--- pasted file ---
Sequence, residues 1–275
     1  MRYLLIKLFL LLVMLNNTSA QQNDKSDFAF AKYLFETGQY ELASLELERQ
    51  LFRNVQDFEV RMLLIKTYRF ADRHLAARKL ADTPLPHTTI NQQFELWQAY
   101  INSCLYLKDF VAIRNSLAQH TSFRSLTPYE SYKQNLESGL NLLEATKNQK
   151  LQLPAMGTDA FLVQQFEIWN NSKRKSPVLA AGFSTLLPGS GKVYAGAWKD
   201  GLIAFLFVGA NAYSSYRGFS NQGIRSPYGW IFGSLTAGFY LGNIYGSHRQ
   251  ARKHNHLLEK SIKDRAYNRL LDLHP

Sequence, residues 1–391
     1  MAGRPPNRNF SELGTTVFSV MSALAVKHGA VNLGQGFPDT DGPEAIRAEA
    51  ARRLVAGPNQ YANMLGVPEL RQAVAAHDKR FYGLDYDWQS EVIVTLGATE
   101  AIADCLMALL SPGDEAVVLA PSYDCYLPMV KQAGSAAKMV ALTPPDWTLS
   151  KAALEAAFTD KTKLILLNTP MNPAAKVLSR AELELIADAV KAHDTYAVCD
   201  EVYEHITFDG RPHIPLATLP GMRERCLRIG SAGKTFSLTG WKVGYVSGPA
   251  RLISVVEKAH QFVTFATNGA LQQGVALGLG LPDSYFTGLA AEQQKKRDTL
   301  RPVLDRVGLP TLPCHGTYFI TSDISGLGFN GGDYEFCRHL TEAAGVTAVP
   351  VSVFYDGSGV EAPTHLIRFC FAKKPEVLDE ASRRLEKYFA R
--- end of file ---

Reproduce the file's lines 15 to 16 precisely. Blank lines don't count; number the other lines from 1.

   301  RPVLDRVGLP TLPCHGTYFI TSDISGLGFN GGDYEFCRHL TEAAGVTAVP
   351  VSVFYDGSGV EAPTHLIRFC FAKKPEVLDE ASRRLEKYFA R